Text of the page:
Nikon DX 17-55mm f/2.8 vs. Nikon DX 16-85mm f/3.5-5.6: The Ultimate Showdown for the Perfect Lens

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Are you a passionate photographer seeking the perfect lens to elevate your craft? Join us as we take a closer look at two exceptional Nikon DX lenses in a detailed head-to-head comparison: the 17-55mm f/2.8 and the 16-85mm f/3.5-5.6.

These lenses have gained popularity among photographers of various skill levels and interests, from stunning portraits and captivating landscapes to dynamic street photography and awe-inspiring architecture. Understanding the nuances of each lens can make a world of difference in achieving your desired photography goals.

In this article, we’ll compare and contrast the key features, performance, and benefits of each lens to help you make an informed decision tailored to your needs. We’ll discuss aspects such as aperture, build quality, focusing performance, optical stabilization, and image quality.

By the end of this article, you’ll not only have a comprehensive understanding of these two lenses, but you’ll also be equipped to make the best choice to elevate your photography to new heights.

So, buckle up and get ready to explore the world of Nikon DX lenses, and let your photography journey take flight!


Nikon AF-S DX NIKKOR 17-55mm F2.8G IF-EDNikon AF-S DX NIKKOR 16-85mm F3.5-5.6G ED VR
Max ApertureF2.8F3.5-5.6
Aperture TypeFixedVariable
Focal Range (mm)17-5516-85
Max FormatAPS-C / DXAPS-C / DX
Zoom Ratio (X)3.25.3

Comparing the Nikon DX 17-55mm f/2.8 and Nikon DX 16-85mm f/3.5-5.6, the 17-55mm lens offers a fixed aperture of f/2.8, which provides better low light performance and a shallower depth of field for subject isolation. The fixed aperture also ensures consistent image quality and aperture settings across the zoom range.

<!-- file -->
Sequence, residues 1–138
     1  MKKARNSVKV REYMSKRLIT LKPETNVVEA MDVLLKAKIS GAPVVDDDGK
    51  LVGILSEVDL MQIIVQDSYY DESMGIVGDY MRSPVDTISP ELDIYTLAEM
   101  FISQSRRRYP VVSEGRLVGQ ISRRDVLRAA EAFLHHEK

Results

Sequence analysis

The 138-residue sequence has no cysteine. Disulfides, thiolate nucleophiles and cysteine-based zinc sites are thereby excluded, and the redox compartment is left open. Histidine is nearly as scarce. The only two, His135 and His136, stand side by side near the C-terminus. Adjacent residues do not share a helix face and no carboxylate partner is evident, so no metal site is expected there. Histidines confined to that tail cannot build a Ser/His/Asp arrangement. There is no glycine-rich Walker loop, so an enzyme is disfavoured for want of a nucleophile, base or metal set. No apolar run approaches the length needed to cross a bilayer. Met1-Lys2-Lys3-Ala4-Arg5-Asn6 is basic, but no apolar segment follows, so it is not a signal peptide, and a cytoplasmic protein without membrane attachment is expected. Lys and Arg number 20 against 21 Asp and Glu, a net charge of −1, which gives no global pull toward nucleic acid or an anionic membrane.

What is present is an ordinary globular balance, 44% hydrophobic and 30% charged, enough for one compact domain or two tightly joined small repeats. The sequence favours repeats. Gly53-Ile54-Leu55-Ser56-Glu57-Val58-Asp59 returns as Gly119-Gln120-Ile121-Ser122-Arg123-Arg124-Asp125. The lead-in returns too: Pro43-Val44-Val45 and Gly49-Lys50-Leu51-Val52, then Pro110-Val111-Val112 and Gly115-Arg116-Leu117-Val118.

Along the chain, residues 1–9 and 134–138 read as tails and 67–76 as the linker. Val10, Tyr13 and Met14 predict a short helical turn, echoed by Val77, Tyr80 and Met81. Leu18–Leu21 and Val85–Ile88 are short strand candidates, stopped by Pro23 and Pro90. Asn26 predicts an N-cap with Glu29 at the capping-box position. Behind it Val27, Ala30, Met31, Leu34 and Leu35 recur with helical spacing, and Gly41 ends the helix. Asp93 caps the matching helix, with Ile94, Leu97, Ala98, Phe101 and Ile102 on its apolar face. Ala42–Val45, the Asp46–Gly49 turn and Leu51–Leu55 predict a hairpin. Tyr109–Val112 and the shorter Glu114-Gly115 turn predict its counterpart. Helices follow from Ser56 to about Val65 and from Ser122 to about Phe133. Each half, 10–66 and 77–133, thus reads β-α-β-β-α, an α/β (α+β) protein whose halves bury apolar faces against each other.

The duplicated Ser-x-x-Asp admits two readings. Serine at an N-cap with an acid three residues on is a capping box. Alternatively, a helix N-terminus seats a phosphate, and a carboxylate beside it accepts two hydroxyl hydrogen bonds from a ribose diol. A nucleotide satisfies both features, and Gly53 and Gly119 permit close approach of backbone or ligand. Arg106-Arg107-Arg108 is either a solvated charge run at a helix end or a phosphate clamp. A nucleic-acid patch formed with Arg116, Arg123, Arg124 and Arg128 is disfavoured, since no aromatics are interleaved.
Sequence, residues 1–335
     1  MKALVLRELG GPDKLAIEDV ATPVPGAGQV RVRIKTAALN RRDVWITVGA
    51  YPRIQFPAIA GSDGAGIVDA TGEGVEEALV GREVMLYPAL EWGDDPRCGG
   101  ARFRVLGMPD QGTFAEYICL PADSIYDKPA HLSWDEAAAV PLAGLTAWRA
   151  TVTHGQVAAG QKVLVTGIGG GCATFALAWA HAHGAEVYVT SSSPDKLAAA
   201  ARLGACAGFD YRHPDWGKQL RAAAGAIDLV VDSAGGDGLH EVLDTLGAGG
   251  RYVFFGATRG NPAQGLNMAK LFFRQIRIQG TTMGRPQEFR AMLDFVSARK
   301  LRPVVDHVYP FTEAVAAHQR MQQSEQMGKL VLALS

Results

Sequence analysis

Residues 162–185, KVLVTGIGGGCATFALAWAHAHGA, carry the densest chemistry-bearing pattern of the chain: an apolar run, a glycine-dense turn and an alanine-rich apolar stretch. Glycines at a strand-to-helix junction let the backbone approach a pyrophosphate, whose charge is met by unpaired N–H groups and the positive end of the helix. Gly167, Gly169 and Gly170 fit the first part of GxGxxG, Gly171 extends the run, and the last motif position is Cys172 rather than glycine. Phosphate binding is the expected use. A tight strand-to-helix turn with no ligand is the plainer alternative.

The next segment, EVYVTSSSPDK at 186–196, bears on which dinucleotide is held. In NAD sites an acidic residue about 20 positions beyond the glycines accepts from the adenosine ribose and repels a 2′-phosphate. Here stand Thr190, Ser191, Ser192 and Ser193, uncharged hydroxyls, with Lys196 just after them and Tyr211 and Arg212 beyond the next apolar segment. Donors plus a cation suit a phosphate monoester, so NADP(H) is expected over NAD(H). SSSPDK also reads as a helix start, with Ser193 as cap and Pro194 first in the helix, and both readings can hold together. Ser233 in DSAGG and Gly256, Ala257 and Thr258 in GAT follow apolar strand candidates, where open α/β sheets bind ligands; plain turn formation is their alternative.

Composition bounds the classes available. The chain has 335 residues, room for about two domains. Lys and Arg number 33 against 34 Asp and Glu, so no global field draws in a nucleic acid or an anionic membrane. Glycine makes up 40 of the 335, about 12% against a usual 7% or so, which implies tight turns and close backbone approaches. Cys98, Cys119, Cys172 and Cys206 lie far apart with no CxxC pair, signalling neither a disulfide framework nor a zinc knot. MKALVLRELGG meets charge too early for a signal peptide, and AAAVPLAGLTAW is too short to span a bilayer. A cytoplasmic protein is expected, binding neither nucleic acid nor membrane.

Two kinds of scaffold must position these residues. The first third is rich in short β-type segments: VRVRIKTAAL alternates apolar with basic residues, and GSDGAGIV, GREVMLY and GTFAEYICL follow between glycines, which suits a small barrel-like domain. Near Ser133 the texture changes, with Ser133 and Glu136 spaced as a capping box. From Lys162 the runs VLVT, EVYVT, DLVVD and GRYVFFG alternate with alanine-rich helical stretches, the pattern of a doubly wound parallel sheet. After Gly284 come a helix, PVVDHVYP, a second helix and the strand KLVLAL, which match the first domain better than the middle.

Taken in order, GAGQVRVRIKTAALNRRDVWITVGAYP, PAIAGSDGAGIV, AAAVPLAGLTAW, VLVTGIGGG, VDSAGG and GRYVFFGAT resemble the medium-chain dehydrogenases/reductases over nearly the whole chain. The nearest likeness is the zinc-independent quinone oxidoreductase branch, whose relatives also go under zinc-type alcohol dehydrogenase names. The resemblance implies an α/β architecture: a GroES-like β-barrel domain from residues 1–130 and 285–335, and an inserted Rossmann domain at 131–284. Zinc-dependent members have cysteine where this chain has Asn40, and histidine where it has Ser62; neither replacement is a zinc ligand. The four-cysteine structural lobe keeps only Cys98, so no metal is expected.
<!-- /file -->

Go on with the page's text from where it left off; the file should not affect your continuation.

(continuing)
On the other hand, the 16-85mm lens has a variable aperture of f/3.5-5.6, which changes as you zoom in or out. This lens offers a wider focal range and zoom ratio of 5.3X, making it more versatile for different photography situations. However, the variable aperture may result in reduced low light performance and depth of field control. The lens is generally more affordable and lighter in weight, which can be advantageous for photographers prioritizing budget and portability.

Design and Ease of Use

Nikon AF-S DX NIKKOR 17-55mm F2.8G IF-EDNikon AF-S DX NIKKOR 16-85mm F3.5-5.6G ED VR
Diameter x Length (mm)⌀85.5×110.5mm⌀72×85mm
Weight (gr)755485
Filter Thread (mm)7767
Weather SealingYesNo
Zoom MethodRotary (internal)Rotary (extending)
Distance ScaleYesYes
DoF ScaleNoNo
Hood SuppliedYesYes
Hood CodeHB-31HB-39

The Nikon DX 17-55mm f/2.8 has a diameter of 85.5mm and a length of 110.5mm, making it larger and heavier at 755 grams compared to the Nikon DX 16-85mm f/3.5-5.6, which has a diameter of 72mm and a length of 85mm with a weight of 485 grams.

The smaller and lighter 16-85mm lens offers better portability, balance, discreetness, and storage. However, the 17-55mm lens uses an internal rotary zoom method, which doesn’t change its physical size when zooming and maintains consistent balance during shooting. The 16-85mm lens, on the other hand, uses an extending rotary zoom method, which is simpler and potentially lighter but may affect camera balance while zooming.

In conclusion, the superior lens depends on your priorities and shooting needs. If you value portability, discreetness, and a lighter setup, the 16-85mm lens is a better choice. However, if you prefer a lens with a consistent balance and a more weather-resistant design due to its internal rotary zoom method, the 17-55mm lens would be the superior option.

Lens Mount and Barrel

The Nikon DX 17-55mm f/2.8 features a dull-chromed brass lens mount with paint markings and a rubber ring for sealing out dust and water particles. Its lens barrel is primarily made of metal, with some plastic components, and includes a metal zoom ring and focus ring with rubber covers. Although the lens extends slightly at the extreme ends of the zoom range, it does not have an aperture ring or depth-of-field markings.